Before coming to Trinidad, Manuel was a lawyer who ascended the ranks to High Court Judge in Venezuela.
Because of concerns for his safety because of his role as a judge, he was forced to leave. His life and the lives of his family depended on it.
“I came to Trinidad in 2018 with my family- my two children and my wife. We’ve been here for four years and a half. We entered legally, through the Port of Cedros, and stayed.”
Having left everything they owned back in Venezuela, Manuel said he did several odd jobs- anything legal that’d allow him to earn a few dollars to make ends meet for his family.
“We worked in everything- as security guard in Gulf City Mall, fisherman in Icacos, and I sell food until midnight in San Fernando. We find in Trinidad and Tobago, opportunity, we don’t find a gift. We find a safe place for us to stay here.”
Despite the numerous challenges they’ve faced since coming to this country, Manuel said he and his family found guardian angels through the Living Water Community.
He told Loop that the Community is an open door through which migrants and refugees can find solutions to many of the issues they face while trying to navigate life in Trinidad and Tobago.
Being forced to walk away from a 20-year career in the legal realm, Manuel said he is grateful to the Living Water Community for providing an avenue whereby he could still work in the field he loves so much.
“I work in Living Water in the legal department. I am a lawyer in Venezuela. I was working for 15 years as a Judge in the High Court in Venezuela. I escaped from my country for my personal security,” he said. “When I came from Venezuela my life changed 180 degrees. The Living Water Community has provided me with the opportunity to go back to work with the law. It also helped me understand Trinidadian law, especially the immigration process.”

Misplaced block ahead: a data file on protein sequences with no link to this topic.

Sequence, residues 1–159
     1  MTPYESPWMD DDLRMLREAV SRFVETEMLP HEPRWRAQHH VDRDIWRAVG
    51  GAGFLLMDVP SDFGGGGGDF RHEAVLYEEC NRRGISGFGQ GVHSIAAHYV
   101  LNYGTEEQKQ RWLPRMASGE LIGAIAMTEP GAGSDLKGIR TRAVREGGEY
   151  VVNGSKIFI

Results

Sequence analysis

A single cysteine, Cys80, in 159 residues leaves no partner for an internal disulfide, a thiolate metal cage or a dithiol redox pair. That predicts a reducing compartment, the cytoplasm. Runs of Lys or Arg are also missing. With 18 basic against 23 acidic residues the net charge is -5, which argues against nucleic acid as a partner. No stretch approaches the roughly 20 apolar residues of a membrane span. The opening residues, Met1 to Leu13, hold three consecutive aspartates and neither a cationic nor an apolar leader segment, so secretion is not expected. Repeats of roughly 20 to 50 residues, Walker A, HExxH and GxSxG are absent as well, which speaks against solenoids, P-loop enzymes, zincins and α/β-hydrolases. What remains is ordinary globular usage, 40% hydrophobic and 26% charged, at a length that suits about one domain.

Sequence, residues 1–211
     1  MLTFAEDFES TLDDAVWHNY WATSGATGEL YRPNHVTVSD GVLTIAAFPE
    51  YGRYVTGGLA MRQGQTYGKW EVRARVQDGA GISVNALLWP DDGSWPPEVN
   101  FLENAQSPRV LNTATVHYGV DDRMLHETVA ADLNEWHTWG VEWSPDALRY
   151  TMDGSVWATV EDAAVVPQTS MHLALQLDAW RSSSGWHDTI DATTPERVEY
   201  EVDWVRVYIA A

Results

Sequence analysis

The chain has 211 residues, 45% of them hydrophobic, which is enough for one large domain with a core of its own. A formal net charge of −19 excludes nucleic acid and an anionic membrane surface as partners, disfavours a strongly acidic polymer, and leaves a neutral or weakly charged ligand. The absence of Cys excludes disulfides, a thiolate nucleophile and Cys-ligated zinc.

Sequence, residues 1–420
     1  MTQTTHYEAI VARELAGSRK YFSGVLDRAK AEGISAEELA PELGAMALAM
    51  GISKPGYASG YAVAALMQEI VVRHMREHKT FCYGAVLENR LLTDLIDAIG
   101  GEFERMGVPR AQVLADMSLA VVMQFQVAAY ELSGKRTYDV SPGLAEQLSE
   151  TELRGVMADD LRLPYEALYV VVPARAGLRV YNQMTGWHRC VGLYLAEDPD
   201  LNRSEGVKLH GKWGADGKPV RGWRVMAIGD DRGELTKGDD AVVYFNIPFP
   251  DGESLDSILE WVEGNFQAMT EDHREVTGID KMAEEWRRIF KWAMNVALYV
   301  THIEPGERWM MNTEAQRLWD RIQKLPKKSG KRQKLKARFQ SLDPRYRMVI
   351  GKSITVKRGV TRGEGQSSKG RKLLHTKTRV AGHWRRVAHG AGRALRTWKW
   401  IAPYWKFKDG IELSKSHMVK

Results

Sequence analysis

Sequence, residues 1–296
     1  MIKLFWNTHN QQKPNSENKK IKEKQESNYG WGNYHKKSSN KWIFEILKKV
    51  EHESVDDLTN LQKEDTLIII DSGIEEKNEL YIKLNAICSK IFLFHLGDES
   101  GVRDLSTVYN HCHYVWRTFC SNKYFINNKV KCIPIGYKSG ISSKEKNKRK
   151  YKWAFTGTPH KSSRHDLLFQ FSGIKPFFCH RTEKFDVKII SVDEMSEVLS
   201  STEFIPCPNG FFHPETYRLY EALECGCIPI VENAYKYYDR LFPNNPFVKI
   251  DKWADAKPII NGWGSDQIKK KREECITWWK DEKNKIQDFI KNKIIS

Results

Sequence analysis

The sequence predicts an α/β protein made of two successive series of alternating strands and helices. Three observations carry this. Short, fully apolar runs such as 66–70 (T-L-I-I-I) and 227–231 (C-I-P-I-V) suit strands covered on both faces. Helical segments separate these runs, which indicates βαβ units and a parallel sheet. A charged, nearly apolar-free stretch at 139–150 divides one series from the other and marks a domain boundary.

Still faced with challenges of his own, Manuel is passionate about his role as a paralegal in the LWC. Having first-hand knowledge of the struggles refugees and migrants endure, he is happy that he now has the opportunity to help others the way he and his family were helped.
What is the Living Water Community?
The Living Water Community is a Catholic Ecclesial Community founded in 1975.
From its inception, this Community has had at the core of its operation, a group of people dedicated to furthering its cause, as an advocate for the most vulnerable in society.
The LWC is made up of multiple ministries, one of which is the Ministry of Migrants and Refugees.
This Ministry has proven to be a lifeline for refugees who flee their respective countries and journey to Trinidad in search of a better life.